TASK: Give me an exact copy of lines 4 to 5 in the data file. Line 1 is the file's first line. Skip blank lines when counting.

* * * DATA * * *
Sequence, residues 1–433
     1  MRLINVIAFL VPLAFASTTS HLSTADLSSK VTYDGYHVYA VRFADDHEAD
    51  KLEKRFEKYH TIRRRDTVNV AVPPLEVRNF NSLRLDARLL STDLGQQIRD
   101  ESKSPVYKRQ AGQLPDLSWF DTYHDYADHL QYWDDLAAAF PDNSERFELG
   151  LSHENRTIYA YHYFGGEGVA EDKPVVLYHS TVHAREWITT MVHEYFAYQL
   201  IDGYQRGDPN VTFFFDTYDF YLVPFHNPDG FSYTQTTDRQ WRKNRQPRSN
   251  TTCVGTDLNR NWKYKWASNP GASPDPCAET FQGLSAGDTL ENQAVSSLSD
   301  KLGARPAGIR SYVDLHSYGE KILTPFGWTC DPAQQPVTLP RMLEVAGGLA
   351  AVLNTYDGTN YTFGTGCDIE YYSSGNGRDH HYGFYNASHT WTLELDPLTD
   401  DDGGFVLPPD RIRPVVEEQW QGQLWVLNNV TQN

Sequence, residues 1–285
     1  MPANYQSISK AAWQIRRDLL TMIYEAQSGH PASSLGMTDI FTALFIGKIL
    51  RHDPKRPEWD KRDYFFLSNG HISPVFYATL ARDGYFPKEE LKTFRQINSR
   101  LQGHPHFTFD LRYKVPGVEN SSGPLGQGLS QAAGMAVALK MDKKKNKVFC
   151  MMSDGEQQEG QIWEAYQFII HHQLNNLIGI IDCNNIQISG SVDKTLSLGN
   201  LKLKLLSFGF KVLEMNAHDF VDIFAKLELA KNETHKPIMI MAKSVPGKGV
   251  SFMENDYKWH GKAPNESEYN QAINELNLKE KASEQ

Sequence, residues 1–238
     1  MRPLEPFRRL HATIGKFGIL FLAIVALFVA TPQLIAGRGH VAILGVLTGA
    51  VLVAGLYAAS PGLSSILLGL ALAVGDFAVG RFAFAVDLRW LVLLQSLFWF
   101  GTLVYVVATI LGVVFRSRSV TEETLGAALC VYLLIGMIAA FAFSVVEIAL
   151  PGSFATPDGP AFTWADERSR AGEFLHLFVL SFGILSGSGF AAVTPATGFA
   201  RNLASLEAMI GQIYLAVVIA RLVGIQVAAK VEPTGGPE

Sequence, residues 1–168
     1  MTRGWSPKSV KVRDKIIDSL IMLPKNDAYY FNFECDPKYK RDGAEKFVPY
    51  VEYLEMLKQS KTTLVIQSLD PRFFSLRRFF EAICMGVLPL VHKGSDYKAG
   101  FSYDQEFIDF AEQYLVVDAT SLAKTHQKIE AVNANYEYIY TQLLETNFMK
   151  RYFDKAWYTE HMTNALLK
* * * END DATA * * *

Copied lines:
   101  ESKSPVYKRQ AGQLPDLSWF DTYHDYADHL QYWDDLAAAF PDNSERFELG
   151  LSHENRTIYA YHYFGGEGVA EDKPVVLYHS TVHAREWITT MVHEYFAYQL